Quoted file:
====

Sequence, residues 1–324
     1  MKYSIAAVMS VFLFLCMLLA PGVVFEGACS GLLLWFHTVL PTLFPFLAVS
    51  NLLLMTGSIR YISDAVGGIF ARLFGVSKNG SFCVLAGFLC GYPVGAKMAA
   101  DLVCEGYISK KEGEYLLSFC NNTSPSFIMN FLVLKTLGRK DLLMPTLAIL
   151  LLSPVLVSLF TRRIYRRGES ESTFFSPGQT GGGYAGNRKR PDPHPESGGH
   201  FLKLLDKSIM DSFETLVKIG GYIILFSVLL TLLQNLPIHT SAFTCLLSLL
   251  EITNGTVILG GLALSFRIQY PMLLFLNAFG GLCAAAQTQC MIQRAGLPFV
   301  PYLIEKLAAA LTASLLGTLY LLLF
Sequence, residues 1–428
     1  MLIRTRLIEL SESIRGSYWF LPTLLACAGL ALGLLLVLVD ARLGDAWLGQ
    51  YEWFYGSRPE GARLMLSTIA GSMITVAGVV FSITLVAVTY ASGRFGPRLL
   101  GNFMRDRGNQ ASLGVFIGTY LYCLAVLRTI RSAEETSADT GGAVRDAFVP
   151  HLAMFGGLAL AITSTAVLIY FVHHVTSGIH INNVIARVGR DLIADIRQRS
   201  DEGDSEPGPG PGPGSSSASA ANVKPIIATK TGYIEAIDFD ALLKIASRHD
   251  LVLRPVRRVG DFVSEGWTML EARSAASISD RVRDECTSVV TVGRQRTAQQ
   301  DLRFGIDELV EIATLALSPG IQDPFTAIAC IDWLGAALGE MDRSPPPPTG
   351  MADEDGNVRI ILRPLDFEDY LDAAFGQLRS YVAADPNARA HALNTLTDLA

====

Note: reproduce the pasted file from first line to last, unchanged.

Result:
Sequence, residues 1–324
     1  MKYSIAAVMS VFLFLCMLLA PGVVFEGACS GLLLWFHTVL PTLFPFLAVS
    51  NLLLMTGSIR YISDAVGGIF ARLFGVSKNG SFCVLAGFLC GYPVGAKMAA
   101  DLVCEGYISK KEGEYLLSFC NNTSPSFIMN FLVLKTLGRK DLLMPTLAIL
   151  LLSPVLVSLF TRRIYRRGES ESTFFSPGQT GGGYAGNRKR PDPHPESGGH
   201  FLKLLDKSIM DSFETLVKIG GYIILFSVLL TLLQNLPIHT SAFTCLLSLL
   251  EITNGTVILG GLALSFRIQY PMLLFLNAFG GLCAAAQTQC MIQRAGLPFV
   301  PYLIEKLAAA LTASLLGTLY LLLF
Sequence, residues 1–428
     1  MLIRTRLIEL SESIRGSYWF LPTLLACAGL ALGLLLVLVD ARLGDAWLGQ
    51  YEWFYGSRPE GARLMLSTIA GSMITVAGVV FSITLVAVTY ASGRFGPRLL
   101  GNFMRDRGNQ ASLGVFIGTY LYCLAVLRTI RSAEETSADT GGAVRDAFVP
   151  HLAMFGGLAL AITSTAVLIY FVHHVTSGIH INNVIARVGR DLIADIRQRS
   201  DEGDSEPGPG PGPGSSSASA ANVKPIIATK TGYIEAIDFD ALLKIASRHD
   251  LVLRPVRRVG DFVSEGWTML EARSAASISD RVRDECTSVV TVGRQRTAQQ
   301  DLRFGIDELV EIATLALSPG IQDPFTAIAC IDWLGAALGE MDRSPPPPTG
   351  MADEDGNVRI ILRPLDFEDY LDAAFGQLRS YVAADPNARA HALNTLTDLA